Wray and Mathieu’s (2008) article, Evaluating the Performance of Open Source Software Projects Using Data Envelopment Analysis, parallels my research. The study provided excellent insights onefficiency of open source software (OSS). Wray and Mathieu (2008) limited their study to only security based OSS projects, which consisted of 34 projects. The study also utilized a limited number of inputs and outputs with the data envelopment analysis (DEA) model. In my research I hope to further their study by encompassing more projects along with more inputs and outputs in my DEA model.
DEA is a nonparametric linear programming formulation technique that accounts for multiple inputs and outputs to measure the efficiency of decision making units (DMU). In this study and my research, a DMU represents an OSS project. In essence, the DEA will rank DMU in order ofefficiency. From the results, we will be able to discover the indicators of successful efficient software development projects.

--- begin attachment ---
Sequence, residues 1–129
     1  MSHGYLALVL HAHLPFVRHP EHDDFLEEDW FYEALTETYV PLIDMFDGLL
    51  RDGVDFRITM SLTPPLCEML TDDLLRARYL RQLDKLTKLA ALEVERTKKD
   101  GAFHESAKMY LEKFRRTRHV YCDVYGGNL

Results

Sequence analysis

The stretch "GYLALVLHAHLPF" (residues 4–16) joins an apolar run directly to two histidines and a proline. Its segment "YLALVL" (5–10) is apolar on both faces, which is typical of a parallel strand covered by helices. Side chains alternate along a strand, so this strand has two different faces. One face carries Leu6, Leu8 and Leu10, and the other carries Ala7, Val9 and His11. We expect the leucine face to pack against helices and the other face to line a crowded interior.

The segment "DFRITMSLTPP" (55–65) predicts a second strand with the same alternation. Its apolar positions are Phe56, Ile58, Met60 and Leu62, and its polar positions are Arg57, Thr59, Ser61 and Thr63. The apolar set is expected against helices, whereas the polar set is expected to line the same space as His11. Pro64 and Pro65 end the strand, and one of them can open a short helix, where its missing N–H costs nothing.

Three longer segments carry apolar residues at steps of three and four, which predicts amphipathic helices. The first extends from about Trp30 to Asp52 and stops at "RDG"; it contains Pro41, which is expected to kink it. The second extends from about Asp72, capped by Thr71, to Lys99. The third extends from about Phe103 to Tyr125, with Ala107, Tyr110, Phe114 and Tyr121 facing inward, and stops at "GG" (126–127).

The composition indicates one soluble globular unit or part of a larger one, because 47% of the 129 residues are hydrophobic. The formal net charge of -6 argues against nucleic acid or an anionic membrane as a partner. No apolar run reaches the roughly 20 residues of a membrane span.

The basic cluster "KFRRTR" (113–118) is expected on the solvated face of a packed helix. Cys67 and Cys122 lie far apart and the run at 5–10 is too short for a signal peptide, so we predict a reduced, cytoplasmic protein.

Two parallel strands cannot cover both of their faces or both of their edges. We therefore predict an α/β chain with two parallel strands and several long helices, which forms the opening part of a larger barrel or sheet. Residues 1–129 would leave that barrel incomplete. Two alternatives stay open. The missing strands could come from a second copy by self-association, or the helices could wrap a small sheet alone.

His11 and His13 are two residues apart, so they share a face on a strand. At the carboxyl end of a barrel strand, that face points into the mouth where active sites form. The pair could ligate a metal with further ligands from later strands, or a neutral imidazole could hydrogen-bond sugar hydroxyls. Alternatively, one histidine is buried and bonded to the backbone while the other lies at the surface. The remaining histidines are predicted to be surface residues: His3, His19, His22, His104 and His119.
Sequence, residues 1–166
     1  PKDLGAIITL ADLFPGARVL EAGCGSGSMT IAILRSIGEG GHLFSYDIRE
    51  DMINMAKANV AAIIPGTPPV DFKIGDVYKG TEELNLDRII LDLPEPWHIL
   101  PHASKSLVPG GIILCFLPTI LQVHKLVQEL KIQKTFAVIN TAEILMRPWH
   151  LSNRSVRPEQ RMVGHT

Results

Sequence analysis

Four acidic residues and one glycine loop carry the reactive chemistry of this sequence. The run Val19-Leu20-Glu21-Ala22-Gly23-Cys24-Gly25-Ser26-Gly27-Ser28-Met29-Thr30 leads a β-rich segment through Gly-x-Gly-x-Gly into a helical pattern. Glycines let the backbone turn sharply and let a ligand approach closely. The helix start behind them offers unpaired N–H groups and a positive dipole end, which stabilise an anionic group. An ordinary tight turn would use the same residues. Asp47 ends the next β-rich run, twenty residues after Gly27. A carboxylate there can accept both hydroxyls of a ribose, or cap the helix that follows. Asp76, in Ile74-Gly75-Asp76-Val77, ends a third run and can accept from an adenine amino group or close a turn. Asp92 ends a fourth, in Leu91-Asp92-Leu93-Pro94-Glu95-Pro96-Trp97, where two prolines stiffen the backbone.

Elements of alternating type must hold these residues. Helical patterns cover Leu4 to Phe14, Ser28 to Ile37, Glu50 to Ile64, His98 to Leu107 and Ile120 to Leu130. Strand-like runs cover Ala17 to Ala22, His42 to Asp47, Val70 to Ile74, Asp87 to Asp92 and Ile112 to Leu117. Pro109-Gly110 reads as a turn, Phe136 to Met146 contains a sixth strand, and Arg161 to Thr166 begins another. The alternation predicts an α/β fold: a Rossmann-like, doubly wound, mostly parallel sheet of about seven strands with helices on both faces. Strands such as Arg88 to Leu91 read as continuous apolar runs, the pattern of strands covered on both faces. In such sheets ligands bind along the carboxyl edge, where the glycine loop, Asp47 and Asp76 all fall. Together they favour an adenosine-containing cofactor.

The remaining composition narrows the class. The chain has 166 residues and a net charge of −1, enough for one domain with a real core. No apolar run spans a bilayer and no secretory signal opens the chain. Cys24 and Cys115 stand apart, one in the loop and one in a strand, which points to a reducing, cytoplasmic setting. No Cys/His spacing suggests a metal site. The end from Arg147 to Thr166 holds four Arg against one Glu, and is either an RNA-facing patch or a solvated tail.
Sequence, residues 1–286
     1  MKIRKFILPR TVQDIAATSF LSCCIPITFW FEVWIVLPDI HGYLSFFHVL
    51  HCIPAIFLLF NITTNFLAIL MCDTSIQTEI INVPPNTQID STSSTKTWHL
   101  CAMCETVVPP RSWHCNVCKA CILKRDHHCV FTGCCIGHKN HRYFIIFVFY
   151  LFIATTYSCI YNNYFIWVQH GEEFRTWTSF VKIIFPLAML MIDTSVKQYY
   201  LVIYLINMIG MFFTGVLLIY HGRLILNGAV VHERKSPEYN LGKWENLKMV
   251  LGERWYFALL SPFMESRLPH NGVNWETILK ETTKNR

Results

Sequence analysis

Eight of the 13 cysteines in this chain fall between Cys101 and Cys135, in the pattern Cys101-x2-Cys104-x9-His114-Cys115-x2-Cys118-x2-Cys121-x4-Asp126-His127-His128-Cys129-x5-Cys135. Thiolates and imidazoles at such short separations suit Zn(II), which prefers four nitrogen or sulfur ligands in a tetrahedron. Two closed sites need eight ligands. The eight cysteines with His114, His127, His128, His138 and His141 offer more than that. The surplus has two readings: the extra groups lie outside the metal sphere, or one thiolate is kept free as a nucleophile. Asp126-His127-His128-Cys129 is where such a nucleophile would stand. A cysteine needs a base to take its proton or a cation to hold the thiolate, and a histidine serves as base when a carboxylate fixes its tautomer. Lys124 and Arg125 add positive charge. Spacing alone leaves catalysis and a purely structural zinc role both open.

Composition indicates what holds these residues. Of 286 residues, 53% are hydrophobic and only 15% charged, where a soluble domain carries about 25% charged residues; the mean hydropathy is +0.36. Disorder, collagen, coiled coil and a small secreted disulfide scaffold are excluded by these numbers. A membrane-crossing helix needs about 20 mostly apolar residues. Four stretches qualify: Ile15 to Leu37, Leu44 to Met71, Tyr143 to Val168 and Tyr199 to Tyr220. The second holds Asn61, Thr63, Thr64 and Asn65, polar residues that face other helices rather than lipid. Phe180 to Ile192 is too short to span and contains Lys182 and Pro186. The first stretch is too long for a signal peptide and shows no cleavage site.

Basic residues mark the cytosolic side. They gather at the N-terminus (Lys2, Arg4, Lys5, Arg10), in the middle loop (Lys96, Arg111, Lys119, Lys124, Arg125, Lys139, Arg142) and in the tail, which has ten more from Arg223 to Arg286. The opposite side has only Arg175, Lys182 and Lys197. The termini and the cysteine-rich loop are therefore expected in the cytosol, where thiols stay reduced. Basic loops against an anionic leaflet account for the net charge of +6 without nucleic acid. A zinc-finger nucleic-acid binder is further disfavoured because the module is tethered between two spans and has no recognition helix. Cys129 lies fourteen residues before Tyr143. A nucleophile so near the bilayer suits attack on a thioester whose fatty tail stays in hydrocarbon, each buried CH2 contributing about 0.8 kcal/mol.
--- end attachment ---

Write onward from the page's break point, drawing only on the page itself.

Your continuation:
Wray and Mathieu (2008) selected OSS developers and bug submitters from 34 security projects on SourceForge.net as their input variables for the DEA. For their output measures, the study focused on the number of software downloads and the SourceForge.net project rank. SourceForge.net is the world’s largest OSS project hosting database that houses over 100,000 OSS projects with over 1 million registered users. SourceForge.net ranks projects weekly based upon traffic, communication, and development statistics collected on each project.
Wray and Mathieu (2008) discovered that the most relative efficient projects when compared to the others were Ophcrack, ClamWin FreeAntivirus, Simple Python Keylogger for Windows, ShellTer, Another File Integrity Checker, Network Security Toolkit, J2EE Certificate Authority, and BlockSSHD. The research conclusions can be used by security based OSS project managers to determine the relative efficiency of their project against other similar projects. The study can help with critical decisions on work effort allotment to project areas and assignments to produce larger yields and benefits.
Wray, B., & Mathieu, R. (2008). Evaluating the performance of open source software projects using data envelopment analysis. Information Management & Computer Security, 16(5), 449-462.